News4 is proud to present its 2014 12 Days of Giving campaign, recognizing 12 charitable teens and kids who have dedicated their time to giving back.
Dec. 22: Ahmed Adam and Operation Homefront
With all the sacrifices military families make, one local teen is making sure the youngest members of those families have all the school supplies they need.
Ahmed Adam is an Eagle Scout with ADAMS Troop 1576, and earned his Eagle Scout badge for his work with Operation Homefront. During the Operation Homefront drive, Ahmed collected backpacks and school supplies.
For more information on Operation Homefront, click here.
Dec. 19: Mari's Miracle Christmas Bags
Thirteen-year-old Marisol Ramirez has spent most of her life in the hospital. After surviving a multiple organ transplant and lymphoma, she's doing well -- and thinking of others.
Marisol wants to make Christmas a little better for kids who are spending the holiday in the hospital. Her goal is to make 140 bags, 70 each for both patients and their parents, and deliver them to Georgetown University Hospital, where she received her own treatments.
Click here to learn how to help Mari's Miracle Christmas Bags.
Dec. 18: Andrés, Lucas and Pablo Orjales and Your Cleats 4 Bare Feets
Andrés, Lucas and Pablo Orjales are working to make sure children in developing countries can enjoy the game of soccer.
Through their organization, Your Cleats 4 Bare Feet, the brothers have collected more than 600 pairs of soccer cleats over the past three years. After receiving donations from children at Arlington Travel Soccer, the brothers clean, pack and send the shoes to children in countries like Botswana, Colombia, Croatia and Zambia.
Lucas and Pablo, both 17, attend Washington-Lee High School in Arlington. Andrés is a freshman at Virginia Tech.
Click here for more information on Your Cleats 4 Bare Feets.
Dec. 17: Emma Hall's Hall-iday
Emma Hall is making sure some families in need get what's on their wish list this holiday season. Hall organized a "Hall-iday" coat drive at Stedwick Elementary School.
With help from her mom, Emma washes the coats and delivers them to the National Center for Children and Families. Now she's working to collect the rest of the items on the center's wish list.
Click here to learn how you can help Emma.
Dec. 16: Matty Pangle and 4 Paws for Ability
Matty Pangle was diagnosed with Autism two days after his second birthday. His mom, Nichole Pangle, says Matty, now 7, is often overwhelmed and has frequent, and sometimes violent, meltdowns.
Nichole says Matty has also learned to unlock the doors of their home and runs away when he's upset. After doing a lot of research, Nichole decided a service dog would be a life-changer for her son.
Matty is now working to raise $14,000 through 4 Paws for Ability, a nonprofit that provides service dogs for children worldwide. Once Matty reaches his goal, he will be qualified to receive a specially trained autism service dog.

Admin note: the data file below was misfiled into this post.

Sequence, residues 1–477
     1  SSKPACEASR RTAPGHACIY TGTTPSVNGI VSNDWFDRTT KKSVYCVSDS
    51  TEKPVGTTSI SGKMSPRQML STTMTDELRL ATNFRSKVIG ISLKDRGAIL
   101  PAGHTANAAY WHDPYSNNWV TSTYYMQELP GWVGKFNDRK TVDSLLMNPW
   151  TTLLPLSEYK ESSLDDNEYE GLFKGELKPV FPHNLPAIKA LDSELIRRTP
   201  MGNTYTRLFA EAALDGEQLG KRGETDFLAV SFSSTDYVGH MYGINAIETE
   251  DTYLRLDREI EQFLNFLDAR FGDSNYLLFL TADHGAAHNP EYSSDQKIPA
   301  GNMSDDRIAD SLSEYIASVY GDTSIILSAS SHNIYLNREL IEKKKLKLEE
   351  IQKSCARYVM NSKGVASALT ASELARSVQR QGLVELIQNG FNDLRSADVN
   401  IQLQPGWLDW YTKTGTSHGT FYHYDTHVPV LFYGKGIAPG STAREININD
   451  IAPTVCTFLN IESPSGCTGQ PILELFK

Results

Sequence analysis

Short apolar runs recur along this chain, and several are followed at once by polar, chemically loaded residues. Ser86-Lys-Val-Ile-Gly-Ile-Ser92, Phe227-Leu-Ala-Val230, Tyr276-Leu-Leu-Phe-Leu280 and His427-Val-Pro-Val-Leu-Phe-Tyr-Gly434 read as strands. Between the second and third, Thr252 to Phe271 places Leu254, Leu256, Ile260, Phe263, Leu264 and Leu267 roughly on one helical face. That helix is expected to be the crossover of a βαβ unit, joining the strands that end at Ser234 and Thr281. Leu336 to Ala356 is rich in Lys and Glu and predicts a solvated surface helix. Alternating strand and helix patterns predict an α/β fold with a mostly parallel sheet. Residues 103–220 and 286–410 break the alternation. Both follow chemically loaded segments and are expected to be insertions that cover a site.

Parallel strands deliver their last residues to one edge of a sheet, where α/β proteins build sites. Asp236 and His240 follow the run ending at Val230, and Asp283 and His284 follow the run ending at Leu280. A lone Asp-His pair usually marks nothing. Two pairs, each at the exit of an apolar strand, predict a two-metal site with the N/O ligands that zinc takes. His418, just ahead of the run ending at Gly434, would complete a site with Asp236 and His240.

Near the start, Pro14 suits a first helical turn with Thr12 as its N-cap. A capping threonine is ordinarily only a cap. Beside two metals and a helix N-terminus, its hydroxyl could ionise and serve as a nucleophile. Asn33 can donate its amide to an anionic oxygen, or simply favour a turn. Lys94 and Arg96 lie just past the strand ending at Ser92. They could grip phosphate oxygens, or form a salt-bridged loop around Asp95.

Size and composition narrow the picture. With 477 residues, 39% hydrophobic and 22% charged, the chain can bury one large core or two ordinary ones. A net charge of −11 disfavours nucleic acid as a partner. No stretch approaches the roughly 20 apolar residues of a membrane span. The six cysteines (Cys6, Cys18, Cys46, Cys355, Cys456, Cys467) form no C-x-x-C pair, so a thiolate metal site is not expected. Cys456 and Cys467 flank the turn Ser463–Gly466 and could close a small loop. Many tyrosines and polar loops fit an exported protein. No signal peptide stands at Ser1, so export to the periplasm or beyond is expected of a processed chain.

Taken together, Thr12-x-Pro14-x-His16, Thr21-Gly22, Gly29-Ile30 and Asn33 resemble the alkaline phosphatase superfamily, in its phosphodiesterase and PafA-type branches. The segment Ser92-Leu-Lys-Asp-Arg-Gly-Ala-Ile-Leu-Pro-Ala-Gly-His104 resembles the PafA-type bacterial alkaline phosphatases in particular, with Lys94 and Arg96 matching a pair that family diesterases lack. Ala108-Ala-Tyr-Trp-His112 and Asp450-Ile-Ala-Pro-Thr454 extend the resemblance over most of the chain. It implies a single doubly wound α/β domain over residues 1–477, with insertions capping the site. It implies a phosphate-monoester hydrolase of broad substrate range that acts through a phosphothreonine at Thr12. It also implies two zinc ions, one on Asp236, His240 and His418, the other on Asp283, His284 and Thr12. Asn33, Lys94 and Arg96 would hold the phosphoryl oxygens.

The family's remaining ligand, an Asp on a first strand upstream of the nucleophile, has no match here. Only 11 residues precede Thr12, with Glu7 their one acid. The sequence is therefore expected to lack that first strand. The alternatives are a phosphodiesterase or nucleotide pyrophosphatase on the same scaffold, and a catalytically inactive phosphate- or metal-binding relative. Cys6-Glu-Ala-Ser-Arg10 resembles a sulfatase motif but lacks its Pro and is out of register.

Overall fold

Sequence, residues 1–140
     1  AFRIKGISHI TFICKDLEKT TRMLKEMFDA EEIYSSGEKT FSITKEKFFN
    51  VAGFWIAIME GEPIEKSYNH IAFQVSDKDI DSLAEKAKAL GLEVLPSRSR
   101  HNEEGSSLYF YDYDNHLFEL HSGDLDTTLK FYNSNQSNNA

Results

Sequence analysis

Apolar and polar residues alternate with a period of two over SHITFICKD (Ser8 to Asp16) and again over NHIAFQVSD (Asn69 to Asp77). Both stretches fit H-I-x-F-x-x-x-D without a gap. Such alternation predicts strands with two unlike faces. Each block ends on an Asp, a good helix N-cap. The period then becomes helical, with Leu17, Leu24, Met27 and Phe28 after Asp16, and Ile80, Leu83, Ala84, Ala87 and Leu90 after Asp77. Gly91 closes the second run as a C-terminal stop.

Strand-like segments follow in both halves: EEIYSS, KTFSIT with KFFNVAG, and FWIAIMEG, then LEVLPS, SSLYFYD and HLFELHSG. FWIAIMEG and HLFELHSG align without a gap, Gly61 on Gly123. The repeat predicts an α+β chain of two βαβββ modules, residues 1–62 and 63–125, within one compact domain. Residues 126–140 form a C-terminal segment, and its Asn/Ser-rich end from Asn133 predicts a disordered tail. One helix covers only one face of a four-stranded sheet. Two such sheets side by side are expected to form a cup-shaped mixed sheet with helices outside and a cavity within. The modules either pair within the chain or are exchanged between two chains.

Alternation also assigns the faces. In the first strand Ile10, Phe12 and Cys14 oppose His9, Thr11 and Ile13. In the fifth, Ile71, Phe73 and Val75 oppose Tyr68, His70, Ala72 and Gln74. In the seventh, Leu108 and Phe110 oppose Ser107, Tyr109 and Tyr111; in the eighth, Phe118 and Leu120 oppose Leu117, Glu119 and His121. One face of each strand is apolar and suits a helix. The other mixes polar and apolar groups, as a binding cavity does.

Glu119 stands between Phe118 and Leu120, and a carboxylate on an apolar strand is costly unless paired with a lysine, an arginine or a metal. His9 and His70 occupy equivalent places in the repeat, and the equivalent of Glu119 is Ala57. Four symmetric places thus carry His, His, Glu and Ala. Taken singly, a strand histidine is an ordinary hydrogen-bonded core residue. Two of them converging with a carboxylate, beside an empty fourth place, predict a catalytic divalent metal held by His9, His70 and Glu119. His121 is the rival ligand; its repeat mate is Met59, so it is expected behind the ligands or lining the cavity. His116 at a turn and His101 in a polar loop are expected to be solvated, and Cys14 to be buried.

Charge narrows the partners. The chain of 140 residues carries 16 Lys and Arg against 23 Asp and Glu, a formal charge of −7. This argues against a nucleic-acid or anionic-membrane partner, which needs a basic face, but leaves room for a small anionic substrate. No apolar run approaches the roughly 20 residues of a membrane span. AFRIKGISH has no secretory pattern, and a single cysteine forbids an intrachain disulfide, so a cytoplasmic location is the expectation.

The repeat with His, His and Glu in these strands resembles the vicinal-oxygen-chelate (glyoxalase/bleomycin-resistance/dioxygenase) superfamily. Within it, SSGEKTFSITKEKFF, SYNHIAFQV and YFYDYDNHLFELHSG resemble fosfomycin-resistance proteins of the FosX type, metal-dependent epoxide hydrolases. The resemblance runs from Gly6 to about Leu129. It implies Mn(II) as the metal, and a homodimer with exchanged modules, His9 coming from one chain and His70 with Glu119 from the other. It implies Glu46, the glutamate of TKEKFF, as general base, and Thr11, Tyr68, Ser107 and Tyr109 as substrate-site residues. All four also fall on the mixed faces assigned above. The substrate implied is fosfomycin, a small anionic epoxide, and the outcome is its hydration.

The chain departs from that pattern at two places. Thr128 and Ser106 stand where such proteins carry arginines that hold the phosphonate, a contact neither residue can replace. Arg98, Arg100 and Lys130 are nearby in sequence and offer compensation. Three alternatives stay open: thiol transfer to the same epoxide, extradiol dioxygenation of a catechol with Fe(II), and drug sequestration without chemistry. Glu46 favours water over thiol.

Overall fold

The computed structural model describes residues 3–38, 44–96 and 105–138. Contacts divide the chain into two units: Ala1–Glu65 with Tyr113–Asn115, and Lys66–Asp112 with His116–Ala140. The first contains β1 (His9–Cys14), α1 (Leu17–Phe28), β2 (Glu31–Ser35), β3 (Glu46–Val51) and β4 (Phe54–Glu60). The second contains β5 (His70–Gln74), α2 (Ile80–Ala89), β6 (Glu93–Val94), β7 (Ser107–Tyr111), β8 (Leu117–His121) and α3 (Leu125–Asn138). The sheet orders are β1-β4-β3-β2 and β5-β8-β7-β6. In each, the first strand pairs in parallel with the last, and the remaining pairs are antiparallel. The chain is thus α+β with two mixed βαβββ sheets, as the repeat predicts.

Click here to learn how you can help Matty.
Dec. 15: Ethan Schwartz and the Theatre Lab
When children are taken to the National Institutes of Health (NIH) for medical treatment, the Children's Inn in Bethesda provides a place for them and their families to stay as long as they need.
Ethan Schwartz is helping to keep those families entertained during those often-stressful times. One night each month, sick kids and their families can participate in theater games, improvisation, storytelling and more. Ethan worked to raise more than $8,500 for the program, enough to support it for 19 months.
Click here for more information on the Theatre Lab.
Dec. 12: Imogen's Piles of Smiles
Imogen Adams, 8, watched a family friend lose his battle with cancer, and told her mom she wanted to help others. Together, they created Pile of Smiles, and she now collects children's art, sells it and uses the proceeds to help children living with terminal cancer.
Click here for more information on Pile of Smiles.
Dec. 11: Josh's Yolka Project
Josh Kennedy-Noce gives back to the Kirov Baby Home Orphanage, where he spent the first four years of his life before he was adopted.
Josh began raising money in 2010, and has increased the financial goal of the Yolka Project each year. In its first year, the Yolka Project raised enough money to provide the orphanage with new toys and an outdoor playground.
Josh couldn't set a goal this year because of Russia's recent ban on U.S. adoptions, but he's still determined to raise money to help the orphanage.
Click here to learn how to help Josh continue his mission.
Dec. 10: Anne's Sweets for Soldiers
Sweet treats, care packages and letters of thanks and support are headed for troops overseas thanks to a 14-year-old Loudoun County middle school student. Anne Kickert started Sweets for Solders in 2011 as a 5th grader with her extra Halloween candy.
Anne's project has since expanded to several schools.This year, she collected more than 2,000 pounds of candy, hundreds of cards and letters.
Click here for more information on Anne's Sweets for Soldiers.
Dec. 9: Fisayo's Silver Spoon Initiative
Fisayo Quadri is an 18-year-old student at the School of Art and Design at Montgomery College. She used her love for making hair accessories to launch her business, Oh Lou, in November, and her accessory line funds her Silver Spoon Initiative. The silver spoon represents her belief that no one should be deprived of basic necessities.
Fisayo joined Share Our Strength's No Kid Hungry Campaign after learning that one in five children in America struggle with hunger. For every accessory sold, one non-perishable item is donated to a local food bank in the D.C. metropolitan area. Fisayo is happy that she can do what she loves, while helping the world around her.
Click here for more information on how you can help Fisayo's Silver Spoon Initiative.